How nearly all racial and ethnic disparities impact health

When people think about “health disparities,” we may think only about the unequal access people have to hospitals, doctors, and overall care. But seldom do we think about other factors that lead to poor health, other than the choices people make.

Most of us have no idea of the number of factors that contribute to poor health. We don’t have a broader rationale for why Black or brown people or people living on low incomes suffer from illnesses and chronic disease more than other groups.

In a recent interview for “Our Faith Our Vote 2020,” UCC Temporary Health Liaison Barbara T. Baylor, MPH, defined health disparities as differences in health status that are linked to socioeconomic and environmental disadvantages.

The effects are on groups of people who experience greater obstacles to health based on race, ethnic make-up, religion, socioeconomic status, gender, gender identity, mental health, sexual orientation, geographical location, or other characteristics that link to discrimination or exclusion. These groups of people are generally Black, brown, or living on low incomes.

March 17, 2020, marked the 10th Anniversary of the Affordable Care Act (ACA). In the last four years, under the current administration, the ACA has been under constant fire and threat. There is a goal to eliminate all or parts of the ACA, which will result in more people including children losing access to healthcare, which makes no sense, especially during a global pandemic.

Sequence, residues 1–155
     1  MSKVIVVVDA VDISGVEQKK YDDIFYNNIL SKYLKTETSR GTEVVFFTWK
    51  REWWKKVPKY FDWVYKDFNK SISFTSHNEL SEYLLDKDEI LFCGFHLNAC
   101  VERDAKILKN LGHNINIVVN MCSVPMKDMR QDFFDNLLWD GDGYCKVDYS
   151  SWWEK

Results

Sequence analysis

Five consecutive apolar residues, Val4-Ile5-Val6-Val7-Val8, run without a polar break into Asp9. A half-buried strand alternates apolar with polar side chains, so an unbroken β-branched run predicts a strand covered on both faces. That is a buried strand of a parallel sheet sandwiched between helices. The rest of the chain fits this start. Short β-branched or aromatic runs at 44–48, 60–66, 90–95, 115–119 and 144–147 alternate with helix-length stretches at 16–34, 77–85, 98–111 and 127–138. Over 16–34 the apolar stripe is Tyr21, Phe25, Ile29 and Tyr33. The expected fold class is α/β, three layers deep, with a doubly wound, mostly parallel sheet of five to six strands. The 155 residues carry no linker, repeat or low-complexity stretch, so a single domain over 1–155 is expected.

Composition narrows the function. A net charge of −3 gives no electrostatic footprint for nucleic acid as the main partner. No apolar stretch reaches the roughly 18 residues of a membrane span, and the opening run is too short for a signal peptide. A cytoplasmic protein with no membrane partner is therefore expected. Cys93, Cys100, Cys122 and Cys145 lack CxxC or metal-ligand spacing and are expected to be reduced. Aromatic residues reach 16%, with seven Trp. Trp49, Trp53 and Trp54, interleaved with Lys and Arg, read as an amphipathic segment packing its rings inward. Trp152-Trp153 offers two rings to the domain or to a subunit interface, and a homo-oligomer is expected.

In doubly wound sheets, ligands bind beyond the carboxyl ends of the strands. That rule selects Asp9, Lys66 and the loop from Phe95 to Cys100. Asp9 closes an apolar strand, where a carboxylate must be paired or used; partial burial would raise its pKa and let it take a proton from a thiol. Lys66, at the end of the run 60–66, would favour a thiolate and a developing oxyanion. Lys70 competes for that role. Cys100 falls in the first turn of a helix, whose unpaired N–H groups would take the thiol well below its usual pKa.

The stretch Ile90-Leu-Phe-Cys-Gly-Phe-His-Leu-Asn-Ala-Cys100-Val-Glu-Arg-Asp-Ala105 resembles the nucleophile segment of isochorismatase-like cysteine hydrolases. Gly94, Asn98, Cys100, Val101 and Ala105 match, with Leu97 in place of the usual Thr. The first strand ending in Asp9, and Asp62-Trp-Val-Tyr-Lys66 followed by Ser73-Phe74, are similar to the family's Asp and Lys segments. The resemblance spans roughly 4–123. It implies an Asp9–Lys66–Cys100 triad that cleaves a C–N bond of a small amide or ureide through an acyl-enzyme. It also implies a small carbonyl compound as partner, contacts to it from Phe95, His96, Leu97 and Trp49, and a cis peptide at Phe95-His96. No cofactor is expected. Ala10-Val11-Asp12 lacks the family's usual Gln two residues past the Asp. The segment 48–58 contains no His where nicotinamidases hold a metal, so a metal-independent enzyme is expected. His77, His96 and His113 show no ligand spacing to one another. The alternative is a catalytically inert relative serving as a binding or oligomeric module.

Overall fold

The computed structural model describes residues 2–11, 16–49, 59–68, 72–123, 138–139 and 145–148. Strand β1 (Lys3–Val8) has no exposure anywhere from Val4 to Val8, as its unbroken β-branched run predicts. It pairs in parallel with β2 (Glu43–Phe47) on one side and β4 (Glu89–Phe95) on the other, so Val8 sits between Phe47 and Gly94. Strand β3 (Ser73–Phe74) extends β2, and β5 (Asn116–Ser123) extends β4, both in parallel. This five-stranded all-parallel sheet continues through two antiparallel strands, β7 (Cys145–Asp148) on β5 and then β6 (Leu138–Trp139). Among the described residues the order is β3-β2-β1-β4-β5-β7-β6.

But what can we do?

As we get closer to the elections, Americans should be asking candidates what their stance is on reducing the disparities in our society, of which health disparities must be a priority.

Barbara Baylor summed it up when she said, “Healthcare is a moral imperative. It is a right that every person should have.”

35 years after the first group of government experts met to conduct a comprehensive study on racial and ethic disparities, many of those disparities still exist. Despite the progress made, there is more that needs to be done.

Watch the video above, then share Barbara Baylor’s message. Do your homework to find where your lawmakers stand on this important issue.

Today’s briefing is by guest writer the Rev. Phyllis Richards, Acting Team Leader, Global H.O.P.E., which is part of UCC Wider Church Ministries.